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Garden Schooling

May 14, 2014

It’s gardening season here on the farm, with tomato plants abounding and green things on our minds.  We are in the process of building a series of raised beds so that we can really get stuck into our veggie production and we’ve been planting fruit trees and bushes around our garden too; it’s gardenpalooza.

So it makes sense that it should also become part of our school work, after all the big advantage of homeschooling is that we can choose what to learn about and do it in an integrated way.  For our family, raising and growing our own food is a big part of our raison detre and we really want to include the boys in the work it involves.  We also want them to learn the skills they will need in their own lives, the skills needed to be less dependent on a food system that is, it seems to me, doomed to fail.

DSC_0600 DSC_0601 DSC_0602Without wanting to be scary-post-apocalypse-gardening-lady (no one invites her to their party) I believe that the future will look very different from what we are used to.  Our food systems will be strong affected by the rapidly changing world we live in now and knowing how to grow food is going to be increasingly important.  I could wax lyrical for many hours with my thoughts on food security and it’s importance, but I shall refrain and instead talk about tomatoes.

Is it possible to have too many tomatoes?  I’m not sure it is and I tend to act accordingly.  This year we’ve got about 140 determinates (bush varieties) on the go and I’d like a few indeterminates for the polytunnel too, but we shall see if that works out.  We are bringing our tomatoes on in the tunnel and will be planting them out in June, weather depending.  My life goal is to produce enough tomatoes (and manage to preserve them in good time) to see us through a full year, it is a simple goal but one I haven’t quite managed to achieve.  This year we made it to about February on our own produce (we had tomatoes on the go from about July last year so that puts us at the 7/8 month mark) so we’ll see what we can manage this year.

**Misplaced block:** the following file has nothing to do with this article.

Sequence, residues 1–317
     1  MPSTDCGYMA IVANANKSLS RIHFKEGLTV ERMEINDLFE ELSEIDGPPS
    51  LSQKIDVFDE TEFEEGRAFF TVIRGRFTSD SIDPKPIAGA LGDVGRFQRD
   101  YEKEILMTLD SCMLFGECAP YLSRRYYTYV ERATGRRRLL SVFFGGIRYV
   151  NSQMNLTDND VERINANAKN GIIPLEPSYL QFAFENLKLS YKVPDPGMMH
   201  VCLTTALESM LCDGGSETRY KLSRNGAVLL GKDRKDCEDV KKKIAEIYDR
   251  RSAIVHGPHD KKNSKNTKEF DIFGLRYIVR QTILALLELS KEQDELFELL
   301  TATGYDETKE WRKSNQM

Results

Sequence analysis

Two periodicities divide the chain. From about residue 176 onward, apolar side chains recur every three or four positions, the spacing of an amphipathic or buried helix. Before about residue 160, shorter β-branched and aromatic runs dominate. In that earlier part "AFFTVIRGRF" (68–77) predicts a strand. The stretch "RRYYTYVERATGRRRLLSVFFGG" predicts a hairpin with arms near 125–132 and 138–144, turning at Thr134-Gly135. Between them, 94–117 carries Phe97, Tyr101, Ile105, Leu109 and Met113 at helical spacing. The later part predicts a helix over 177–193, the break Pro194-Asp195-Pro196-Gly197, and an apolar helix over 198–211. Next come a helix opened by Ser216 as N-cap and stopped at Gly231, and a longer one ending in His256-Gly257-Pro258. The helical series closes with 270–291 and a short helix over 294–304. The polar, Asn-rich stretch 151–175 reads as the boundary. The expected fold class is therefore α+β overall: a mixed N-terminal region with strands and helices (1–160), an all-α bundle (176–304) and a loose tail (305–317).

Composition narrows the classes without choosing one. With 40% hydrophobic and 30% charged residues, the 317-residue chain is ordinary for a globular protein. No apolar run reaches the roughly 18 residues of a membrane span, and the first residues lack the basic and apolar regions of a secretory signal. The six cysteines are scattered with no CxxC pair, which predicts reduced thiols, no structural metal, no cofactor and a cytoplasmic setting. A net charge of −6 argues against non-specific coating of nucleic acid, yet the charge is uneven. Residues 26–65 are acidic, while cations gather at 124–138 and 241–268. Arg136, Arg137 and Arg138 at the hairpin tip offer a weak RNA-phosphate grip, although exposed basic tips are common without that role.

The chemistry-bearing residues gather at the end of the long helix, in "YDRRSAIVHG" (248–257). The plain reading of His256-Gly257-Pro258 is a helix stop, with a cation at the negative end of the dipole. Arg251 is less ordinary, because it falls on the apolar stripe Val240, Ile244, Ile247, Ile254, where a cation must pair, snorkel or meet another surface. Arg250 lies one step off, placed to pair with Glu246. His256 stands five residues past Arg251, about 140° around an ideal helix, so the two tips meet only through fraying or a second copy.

DSC_0599DSC_0603 DSC_0604As part of our school last week I did some gardening work with the boys, teaching them how to transplant seedlings and talking about what seeds need to grow.  We set up a surprisingly efficient assembly line with Neirin filling the pots, Huwyl levelling and creating the holes and me transplanting the seedlings.  We got 40 or so done (so more to do) which I was really pleased with.  The boys were extremely enthusiastic about their involvement, organizing themselves to make the tasks easier and working very efficiently as part of a team.  I hope this bodes well for future gardening activities, there are going to be a lot of them.

DSC_0605 DSC_0606If I could hope to instil one trait in the boys through our homeschool (and family) journey, it would be confidence in their own abilities.  I want them to feel able, resourceful and capable of tackling whatever life throws at them.  And if my vision of the future is crazy nonsense, well being able to garden never hurt anyone.

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One Comment leave one →
  1. May 15, 2014 10:23 am

    Your starters look wonderful – we are three weeks away from beginning to put in
    our garden. Self sufficiency is an important goal in our homeschooling as well – Owen looks forward to having a garden every year, he likes to help with the canning and preserving and applesauce making in the fall and then of course the tapping of trees for maple syrup in the winter.

    Good luck with your garden – I hope this summer brings good growing weather for everyone – your boys are terrific helpers!

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